MADISON -- Lawmakers in Madison are working to finalize a state budget by the end of the month. The funding plan for the new Milwaukee Bucks arena in downtown Milwaukee and funding for transportation projects are proving to be the biggest sticking points.
Lawmakers are struggling to come to an agreement as it relates to the budget.
On Wednesday, June 17th, Senator Alberta Darling (R-River Hills) suggested the arena funding plan may be pulled from the budget and taken up as a stand-alone measure.
Senator Lena Taylor (D-Milwaukee) says the arena funding plan should be part of the budget.
"The Bucks are big bucks for Wisconsin as well as for Milwaukee and so I truly believe it should be something that's in the budget," Senator Taylor said.
Senator Taylor says a lack of specifics about what, exactly would be included in the Bucks arena funding plan is complicating the issue for lawmakers right now.
"I believe that this can be a huge economic tool, you know, for development in this community and for people to be able to go to work and so I want to be able to support it but it must be financially responsible," Senator Taylor said.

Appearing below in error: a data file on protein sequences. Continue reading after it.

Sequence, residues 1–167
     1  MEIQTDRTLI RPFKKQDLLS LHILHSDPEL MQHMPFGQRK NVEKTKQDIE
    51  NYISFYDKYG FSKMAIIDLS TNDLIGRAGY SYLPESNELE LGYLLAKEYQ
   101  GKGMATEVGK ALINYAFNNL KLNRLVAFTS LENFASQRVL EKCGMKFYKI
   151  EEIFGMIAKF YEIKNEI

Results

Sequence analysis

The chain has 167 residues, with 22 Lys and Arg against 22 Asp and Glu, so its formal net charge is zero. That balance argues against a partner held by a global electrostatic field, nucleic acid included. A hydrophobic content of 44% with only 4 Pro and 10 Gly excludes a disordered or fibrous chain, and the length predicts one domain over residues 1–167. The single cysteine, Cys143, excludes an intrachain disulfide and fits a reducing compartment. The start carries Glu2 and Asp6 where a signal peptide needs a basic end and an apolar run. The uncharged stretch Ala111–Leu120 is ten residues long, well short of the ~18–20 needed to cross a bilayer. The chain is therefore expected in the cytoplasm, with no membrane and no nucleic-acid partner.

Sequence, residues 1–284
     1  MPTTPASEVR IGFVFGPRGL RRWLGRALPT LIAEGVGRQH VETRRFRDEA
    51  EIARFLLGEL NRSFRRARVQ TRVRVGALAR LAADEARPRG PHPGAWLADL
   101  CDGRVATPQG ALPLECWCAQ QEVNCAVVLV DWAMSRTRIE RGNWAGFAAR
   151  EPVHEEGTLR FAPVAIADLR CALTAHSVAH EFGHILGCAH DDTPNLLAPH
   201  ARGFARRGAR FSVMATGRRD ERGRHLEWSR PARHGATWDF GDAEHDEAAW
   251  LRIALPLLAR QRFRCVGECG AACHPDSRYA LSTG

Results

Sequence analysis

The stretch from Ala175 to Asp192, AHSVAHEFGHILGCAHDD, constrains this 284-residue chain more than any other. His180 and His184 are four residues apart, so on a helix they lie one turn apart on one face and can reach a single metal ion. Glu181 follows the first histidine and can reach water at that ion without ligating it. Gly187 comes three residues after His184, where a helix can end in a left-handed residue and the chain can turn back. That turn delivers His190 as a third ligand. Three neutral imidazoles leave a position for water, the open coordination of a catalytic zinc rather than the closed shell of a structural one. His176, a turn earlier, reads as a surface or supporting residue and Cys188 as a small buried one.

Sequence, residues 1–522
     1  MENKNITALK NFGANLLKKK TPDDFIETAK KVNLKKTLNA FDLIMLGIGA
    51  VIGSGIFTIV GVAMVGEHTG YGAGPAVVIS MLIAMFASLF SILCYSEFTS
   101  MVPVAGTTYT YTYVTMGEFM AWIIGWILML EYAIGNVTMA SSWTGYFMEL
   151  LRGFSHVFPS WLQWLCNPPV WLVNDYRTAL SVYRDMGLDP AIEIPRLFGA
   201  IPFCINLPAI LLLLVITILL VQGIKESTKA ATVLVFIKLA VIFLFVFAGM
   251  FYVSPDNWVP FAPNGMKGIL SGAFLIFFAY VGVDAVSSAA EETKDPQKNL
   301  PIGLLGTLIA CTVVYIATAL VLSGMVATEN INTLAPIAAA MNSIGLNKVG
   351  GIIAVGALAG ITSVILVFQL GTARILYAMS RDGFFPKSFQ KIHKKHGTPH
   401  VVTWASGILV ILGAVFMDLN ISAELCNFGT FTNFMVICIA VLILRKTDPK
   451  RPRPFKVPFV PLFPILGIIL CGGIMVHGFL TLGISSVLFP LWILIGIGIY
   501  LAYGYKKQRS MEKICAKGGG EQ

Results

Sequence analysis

Another sticking point when it comes to finalizing the budget is funding for transportation projects.
Lawmakers have expressed an interest in lowering the amount of bonding that Governor Scott Walker originally proposed to pay for the projects, but even lawmakers who are part of the same political party can't agree on how to handle the situation after that.
Senator Darling issued this statement about attempts to delay the Zoo Interchange project:
"I stand by my comments. There are more responsible solutions we must consider.
Like my Assembly colleagues, I believe the bonding in the transportation budget is unsustainable and must be reduced. I also agree with my Assembly colleagues that all areas of our state should share in any reductions in transportation projects. However, I believe this can be accomplished through a measured approach.
Delaying the completion of the core of the Zoo Interchange could jeopardize safety would harm our state's economy. I won't let safety and our economy be used as bargaining chips."
Lawmakers have until the end of the month to hammer out a budget -- or the current budget will roll over until they do.